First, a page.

The centimeter-sized fragments and smaller particles that make up the regolith — the layer of loose, unconsolidated rock and dust — of small asteroids is formed by temperature cycling that breaks down rock in a process called thermal fatigue, according to a paper in Nature.
Previous studies suggested that the regolith of asteroids one kilometer wide and smaller was made from material falling to the surface after impacts and from boulders that were pulverized by micrometeoroid impacts.
Recent laboratory experiments and impact modeling conducted by a team of researchers from Observatoire de la Côte d'Azur, Hopkins Extreme Materials Institute at Johns Hopkins University, Institut Supérieur de l'Aéronautique et de l'Espace and Southwest Research Institute (SwRI) have shown that the debris from large impacts reaches escape velocities and breaks free from the gravitational pull of these asteroids, indicating this mechanism is not the dominant process for regolith creation.
The team's research showed that thermal fragmentation, which is induced by mechanical stresses caused by temperature variations of the rapidly spinning asteroid's short night and day, to be the process primarily responsible for breaking up rocks larger than a few centimeters on asteroids.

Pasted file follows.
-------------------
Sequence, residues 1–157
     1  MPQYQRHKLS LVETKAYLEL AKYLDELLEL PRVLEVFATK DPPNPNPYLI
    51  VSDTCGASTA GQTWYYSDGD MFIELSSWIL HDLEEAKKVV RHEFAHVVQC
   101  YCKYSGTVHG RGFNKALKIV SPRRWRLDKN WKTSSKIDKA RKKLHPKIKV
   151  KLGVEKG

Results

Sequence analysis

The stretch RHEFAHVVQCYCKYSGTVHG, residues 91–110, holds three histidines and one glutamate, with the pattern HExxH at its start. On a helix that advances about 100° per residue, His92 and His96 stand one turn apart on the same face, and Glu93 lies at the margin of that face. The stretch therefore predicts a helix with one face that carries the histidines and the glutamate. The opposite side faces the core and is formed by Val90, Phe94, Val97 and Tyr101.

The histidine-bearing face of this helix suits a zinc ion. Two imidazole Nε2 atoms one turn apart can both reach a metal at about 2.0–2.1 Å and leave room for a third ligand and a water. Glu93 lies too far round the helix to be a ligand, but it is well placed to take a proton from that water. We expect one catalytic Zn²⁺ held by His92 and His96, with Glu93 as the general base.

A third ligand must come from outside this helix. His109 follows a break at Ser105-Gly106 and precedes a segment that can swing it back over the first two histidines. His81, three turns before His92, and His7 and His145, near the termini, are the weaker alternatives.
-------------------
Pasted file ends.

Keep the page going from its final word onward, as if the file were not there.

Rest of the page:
"We took meteorites as the best analog of asteroid surface materials that we have on the Earth," said Dr. Marco Delbo of the Observatoire de la Côte d'Azur. "We then submitted these meteorites to temperature cycles similar to those that rocks experience on the surfaces of near-Earth asteroids and we found that microcracks grow inside these meteorites quickly enough to entirely break them on timescales much shorter than the typical lifetime of asteroids."
Model extrapolation of these experiments also showed that thermal fragmentation caused rocks to break down an order of magnitude faster than from micrometeoroid impacts, particularly at distances of 1 astronomical unit (about 93 million miles) with the speed of breakdown slowing at distances further from the Sun.
"Even asteroids significantly farther from the Sun showed thermal fatigue fragmentation to be a more relevant process for rock breakup than micrometeoroid impacts," said Dr. Simone Marchi, a scientist in the SwRI Space Science and Engineering Division.
The results of this study suggest that thermal fragmentation, combined with solar radiation pressures that sweep away surface particles, could completely erode small asteroids at distances closer to the Sun (about 28 million miles) in about 2 million years.